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Rome's Museo Criminologico [Criminological Museum] may not be to everybody's taste, but it's definitely worth seeing. The museum's collection features photographs and memorabilia from some of the most gruesome forensic cases in the long history of Italy. From Renaissance murders to the Mafia, this museum has it all.
It was there that I first learned about Leonarda Cianciulli, a.k.a. the "Soap Maker of Corregio" and her bizarre criminal career. While almost unknown outside of Italy, Leonarda's career as a serial killer is still unparalleled in many ways, both for her unique method of concealing bodies and her rather odd motive for killing.
Born in 1894, she was raised in one of the most poverty-stricken regions of Italy. Her mother, Emilia di Nolfi, had become pregnant due to rape and was later forced to marry her rapist,, Mariano Cianciulli, when she realized she was pregnant. By most accounts, Leonarda's early childhood was a grim one. Her father died when Leonarda was young but her mother's later remarriage did little to ease the situation at home. Due to emotional abuse by her mother, she would make two suicide attempts. Leonarda compounded her woes by marrying a man of whom her parents disapproved (they had a more prosperous suitor in mind). She would later claim that her mother had placed a curse on her as a result of her 1914 marriage of Raffaele Pansardi and the tragedy she later endured seemed to bear that out.
Along with being imprisoned for fraud and later seeing her house destroyed by an earthquake, she also lost three of her children in childbirth and another ten as children. Of her seventeen pregnancies, only four survived to adulthood and she was especially protective of all of them as a result. Despite these troubles, she and her husband eventually settled in the town of Corregio, near Naples, and Leonarda apparently settled into a normal life as a shopkeeper and part-time fortune teller. A long-time believer in the supernatural, she had once consulted a Gypsy fortuneteller who, among other things, predicted that all of her children would die before her. A different fortuneteller told her that she faced either a future in prison or in a criminal asylum though Leonarda seemed not to take that warning seriously. Her neighbours would later describe her as a gentle soul with a fondness for poetry. Nobody suspected what would be coming next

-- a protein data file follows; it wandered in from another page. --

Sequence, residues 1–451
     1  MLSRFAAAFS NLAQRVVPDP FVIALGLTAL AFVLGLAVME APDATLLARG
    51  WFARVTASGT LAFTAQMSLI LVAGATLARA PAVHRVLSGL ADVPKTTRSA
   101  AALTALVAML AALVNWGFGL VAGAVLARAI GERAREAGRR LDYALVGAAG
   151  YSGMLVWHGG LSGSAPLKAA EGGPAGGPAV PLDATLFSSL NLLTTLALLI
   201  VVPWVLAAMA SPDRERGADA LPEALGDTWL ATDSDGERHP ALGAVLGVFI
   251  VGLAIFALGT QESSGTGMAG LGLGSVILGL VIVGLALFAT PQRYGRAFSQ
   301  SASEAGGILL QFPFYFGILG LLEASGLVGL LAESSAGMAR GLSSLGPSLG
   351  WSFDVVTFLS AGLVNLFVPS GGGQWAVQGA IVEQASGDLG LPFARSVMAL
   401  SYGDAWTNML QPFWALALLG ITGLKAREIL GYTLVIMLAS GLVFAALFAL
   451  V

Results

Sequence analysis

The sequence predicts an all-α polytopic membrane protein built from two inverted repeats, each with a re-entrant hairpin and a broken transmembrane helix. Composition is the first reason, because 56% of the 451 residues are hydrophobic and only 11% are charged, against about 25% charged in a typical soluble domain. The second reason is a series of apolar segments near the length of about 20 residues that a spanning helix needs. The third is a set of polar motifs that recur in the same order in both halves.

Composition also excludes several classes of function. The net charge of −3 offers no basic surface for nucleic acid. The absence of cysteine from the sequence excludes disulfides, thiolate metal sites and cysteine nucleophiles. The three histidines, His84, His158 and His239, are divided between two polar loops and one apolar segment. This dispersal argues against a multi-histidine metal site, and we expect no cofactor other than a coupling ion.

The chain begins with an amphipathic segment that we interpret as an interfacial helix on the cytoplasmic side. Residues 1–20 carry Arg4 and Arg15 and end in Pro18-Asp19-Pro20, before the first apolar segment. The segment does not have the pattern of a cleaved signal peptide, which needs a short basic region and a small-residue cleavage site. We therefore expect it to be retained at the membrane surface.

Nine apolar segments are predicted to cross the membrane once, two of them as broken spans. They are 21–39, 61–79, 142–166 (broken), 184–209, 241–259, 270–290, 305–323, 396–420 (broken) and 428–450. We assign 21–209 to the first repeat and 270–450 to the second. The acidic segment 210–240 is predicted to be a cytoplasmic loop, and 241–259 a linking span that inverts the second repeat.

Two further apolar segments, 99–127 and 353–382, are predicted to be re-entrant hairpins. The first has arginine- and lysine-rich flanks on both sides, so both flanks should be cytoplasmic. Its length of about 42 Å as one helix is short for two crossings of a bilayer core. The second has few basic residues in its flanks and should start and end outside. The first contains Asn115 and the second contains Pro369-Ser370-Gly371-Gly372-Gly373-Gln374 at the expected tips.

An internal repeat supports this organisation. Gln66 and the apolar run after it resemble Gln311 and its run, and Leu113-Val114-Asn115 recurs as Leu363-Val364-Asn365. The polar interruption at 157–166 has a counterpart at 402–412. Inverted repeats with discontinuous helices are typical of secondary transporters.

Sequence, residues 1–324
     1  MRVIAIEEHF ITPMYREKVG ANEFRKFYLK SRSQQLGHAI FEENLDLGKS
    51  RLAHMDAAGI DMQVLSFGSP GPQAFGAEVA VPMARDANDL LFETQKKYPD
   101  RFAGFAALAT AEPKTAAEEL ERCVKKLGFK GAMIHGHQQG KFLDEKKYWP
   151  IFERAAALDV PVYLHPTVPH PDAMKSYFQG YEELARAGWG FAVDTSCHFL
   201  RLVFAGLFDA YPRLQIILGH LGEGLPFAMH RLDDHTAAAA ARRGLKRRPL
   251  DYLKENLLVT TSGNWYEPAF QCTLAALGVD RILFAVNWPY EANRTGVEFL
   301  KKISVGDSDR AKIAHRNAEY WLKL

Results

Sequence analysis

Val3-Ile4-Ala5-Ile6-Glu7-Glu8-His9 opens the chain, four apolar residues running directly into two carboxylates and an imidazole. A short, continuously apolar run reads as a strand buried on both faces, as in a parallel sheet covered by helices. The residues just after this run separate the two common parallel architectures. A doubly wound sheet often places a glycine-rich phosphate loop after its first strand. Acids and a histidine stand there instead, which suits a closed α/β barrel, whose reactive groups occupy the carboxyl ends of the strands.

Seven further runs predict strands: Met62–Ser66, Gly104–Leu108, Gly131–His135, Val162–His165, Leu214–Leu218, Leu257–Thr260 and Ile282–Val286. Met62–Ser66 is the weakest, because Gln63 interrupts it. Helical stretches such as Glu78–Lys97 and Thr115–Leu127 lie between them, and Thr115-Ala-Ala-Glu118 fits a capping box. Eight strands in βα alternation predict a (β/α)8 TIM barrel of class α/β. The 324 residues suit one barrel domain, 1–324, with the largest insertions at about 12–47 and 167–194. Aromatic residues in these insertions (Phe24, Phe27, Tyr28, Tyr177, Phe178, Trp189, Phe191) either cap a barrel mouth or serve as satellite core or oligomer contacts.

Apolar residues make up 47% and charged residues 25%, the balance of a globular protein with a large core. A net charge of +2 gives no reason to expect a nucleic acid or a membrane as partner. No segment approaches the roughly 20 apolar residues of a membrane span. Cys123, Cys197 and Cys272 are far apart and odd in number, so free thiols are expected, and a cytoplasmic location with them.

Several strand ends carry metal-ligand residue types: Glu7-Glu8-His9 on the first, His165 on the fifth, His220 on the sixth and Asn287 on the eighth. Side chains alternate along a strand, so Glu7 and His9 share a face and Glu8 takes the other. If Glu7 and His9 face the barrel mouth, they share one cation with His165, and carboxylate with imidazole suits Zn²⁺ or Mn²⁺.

For Leonarda, everything changed in 1939 when Benito Mussolini began drafting young men to prepare for Italy's entry into World War II. Il Duce's popularity had slipped during the 1930s and the prospect of Italy entering the war on the side of Nazi Germany alarmed most Italians. Leonarda became mentally unbalanced at the thought of her favourite son, Giuseppe, being drafted and possibly dying in combat. The prospect of losing Giuseppe apparently led to her decision to carry out human sacrifices to preserve her son from death. As she would later state during her testimony, killing others would keep her own children safe by providing God with other deaths in place of her own children. Since she had four remaining children, she would need to sacrifice four others to keep them safe.
Her first victim was a 50-year-old spinster named Faustina Setti. Recruiting Leonarda as a fortune-teller and matchmaker, Faustina paid her 30,000 lire to find a suitable husband. Telling her that she knew of a good marriage prospect in a nearby village, Leonarda persuaded Faustina to write letters and postcards to relatives that she would later post from out of town to reassure them she was fine. She also instructed Faustina not to tell anyone about her marriage plans. On the day Faustina was to leave Corregio, she visited Leonarda's home for the last time. There, Leonarda gave her drugged wine and then chopped her body inito nine pieces with a hatchet. According to the official statement she gave to police afterward,